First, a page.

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Lets say I've got code like the following:

begin
  select ... from T where x = 42;         -- (1)
  .
  .
  .
  update T ... where x = 42;              -- (2)
  commit;
end;

Am I correct in saying that by the time (2) executes, whatever has been selected from T in (1) may no longer be in T, if, for example, in another session the following executed:

delete from T where x = 42;

If so, what I would like to happen is the select statement to 'lock' T, so it can not be modified.

I realise I can do this explicitly by doing:

lock table T in exclusive mode;

But what if T is a view? Do I have to look through the definition of Ts view/subviews to find all tables it references and lock them individually, or can I do something like this:

begin
  START_TRANSACTION;
  select ... from T where x = 42;         -- (1)
  .
  .
  .
  update T ... where x = 42;              -- (2)
  commit;
end;

Where START_TRANSACTION ensures locks all tables referred to in all select statements until the transaction is complete?

Or is there another nicer solution to this issue? I'm using Oracle 10g if that is important.

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1  
You need SELECT ... FOR UPDATE to lock the rows you are reading from the table. Also read carefully everything about Isolation levels and Transactions. –  ypercube Oct 19 '11 at 7:03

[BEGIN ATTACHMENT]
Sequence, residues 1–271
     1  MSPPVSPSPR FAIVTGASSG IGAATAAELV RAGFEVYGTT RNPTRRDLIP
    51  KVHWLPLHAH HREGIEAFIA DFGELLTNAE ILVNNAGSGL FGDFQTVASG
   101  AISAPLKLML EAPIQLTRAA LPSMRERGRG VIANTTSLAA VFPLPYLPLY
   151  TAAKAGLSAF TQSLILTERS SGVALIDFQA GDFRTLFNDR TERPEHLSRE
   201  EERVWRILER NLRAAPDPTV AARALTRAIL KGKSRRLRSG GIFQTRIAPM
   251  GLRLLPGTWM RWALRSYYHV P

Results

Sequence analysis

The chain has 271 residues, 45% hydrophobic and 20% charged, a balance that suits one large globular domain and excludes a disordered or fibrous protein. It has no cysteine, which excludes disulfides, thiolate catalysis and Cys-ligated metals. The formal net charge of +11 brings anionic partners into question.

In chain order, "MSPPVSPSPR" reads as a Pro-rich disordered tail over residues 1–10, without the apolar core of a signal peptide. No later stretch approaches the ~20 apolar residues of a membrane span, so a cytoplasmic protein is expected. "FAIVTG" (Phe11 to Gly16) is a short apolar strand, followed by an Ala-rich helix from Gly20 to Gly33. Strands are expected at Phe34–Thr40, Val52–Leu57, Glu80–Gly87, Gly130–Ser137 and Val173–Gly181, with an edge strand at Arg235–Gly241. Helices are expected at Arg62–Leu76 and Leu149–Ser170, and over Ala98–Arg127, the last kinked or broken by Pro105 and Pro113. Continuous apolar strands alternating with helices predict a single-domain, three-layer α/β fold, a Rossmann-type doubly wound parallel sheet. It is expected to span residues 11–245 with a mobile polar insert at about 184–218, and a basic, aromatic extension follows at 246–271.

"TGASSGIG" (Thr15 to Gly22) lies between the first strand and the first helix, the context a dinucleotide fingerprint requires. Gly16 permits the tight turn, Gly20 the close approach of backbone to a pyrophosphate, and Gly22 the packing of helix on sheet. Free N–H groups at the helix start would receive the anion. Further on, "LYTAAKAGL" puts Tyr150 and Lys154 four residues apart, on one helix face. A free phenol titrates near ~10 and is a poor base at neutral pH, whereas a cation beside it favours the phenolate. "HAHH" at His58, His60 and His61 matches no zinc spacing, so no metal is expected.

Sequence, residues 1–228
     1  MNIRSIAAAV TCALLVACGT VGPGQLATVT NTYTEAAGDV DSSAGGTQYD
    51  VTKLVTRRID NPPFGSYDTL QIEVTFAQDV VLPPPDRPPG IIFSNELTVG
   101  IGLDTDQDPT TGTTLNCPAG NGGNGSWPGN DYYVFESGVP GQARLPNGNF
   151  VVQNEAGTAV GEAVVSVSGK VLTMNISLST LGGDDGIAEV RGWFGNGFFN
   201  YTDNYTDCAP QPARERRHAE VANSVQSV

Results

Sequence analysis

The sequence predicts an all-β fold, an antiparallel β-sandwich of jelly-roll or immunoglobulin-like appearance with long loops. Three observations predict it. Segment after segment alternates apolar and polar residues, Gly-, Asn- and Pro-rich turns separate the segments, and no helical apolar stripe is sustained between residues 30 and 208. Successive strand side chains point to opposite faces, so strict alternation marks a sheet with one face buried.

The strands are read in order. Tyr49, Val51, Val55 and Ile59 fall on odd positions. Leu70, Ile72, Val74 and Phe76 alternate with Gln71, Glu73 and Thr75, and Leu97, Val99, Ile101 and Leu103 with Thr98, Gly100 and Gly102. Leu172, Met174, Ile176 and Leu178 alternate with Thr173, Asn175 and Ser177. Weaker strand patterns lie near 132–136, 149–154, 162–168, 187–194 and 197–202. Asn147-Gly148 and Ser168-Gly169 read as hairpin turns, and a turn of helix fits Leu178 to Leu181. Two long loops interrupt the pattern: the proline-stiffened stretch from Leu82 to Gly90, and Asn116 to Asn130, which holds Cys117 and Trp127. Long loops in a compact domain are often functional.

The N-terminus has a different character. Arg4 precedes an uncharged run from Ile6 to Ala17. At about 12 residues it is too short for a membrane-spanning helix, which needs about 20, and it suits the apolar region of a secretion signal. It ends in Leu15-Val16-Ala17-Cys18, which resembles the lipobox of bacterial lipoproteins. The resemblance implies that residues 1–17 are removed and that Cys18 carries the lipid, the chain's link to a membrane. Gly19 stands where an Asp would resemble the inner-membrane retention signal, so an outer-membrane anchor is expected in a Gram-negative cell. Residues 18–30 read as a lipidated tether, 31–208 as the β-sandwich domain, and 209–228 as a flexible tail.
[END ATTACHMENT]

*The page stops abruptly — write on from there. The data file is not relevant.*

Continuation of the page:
3 Answers 3

Am I correct in saying that by the time (2) executes, whatever has been selected from T in (1) may no longer be in T

Yes.

So you can lock the row by doing...

SELECT ...
[INTO   ...]
FROM   T
WHERE  x = 42
FOR    UPDATE [NOWAIT];

You can optionally use NOWAIT to make the statement fail if someone else already has the row locked. Without the NOWAIT the statement will pause until it can lock the row.

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NOWAIT? Are you really sure you want that? –  paxdiablo Oct 19 '11 at 6:46
    
Changed. Copied it out of some old code, didn't think about it until you pointed it out. Thanks. –  cagcowboy Oct 19 '11 at 6:48

You need to use the select ... for update variation as shown here.

You definitely don't want to lock the entire table, although locking a view is valid. From the Oracle docs:

When a LOCK TABLE statement is issued on a view, the underlying base tables are locked.

However, that may be a performance killer and your DBAs will find you - there's nowhere to hide :-)

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I'm pretty sure that transaction are exactly what you want here. The help enforce what's called ACID for a sequence of operations.

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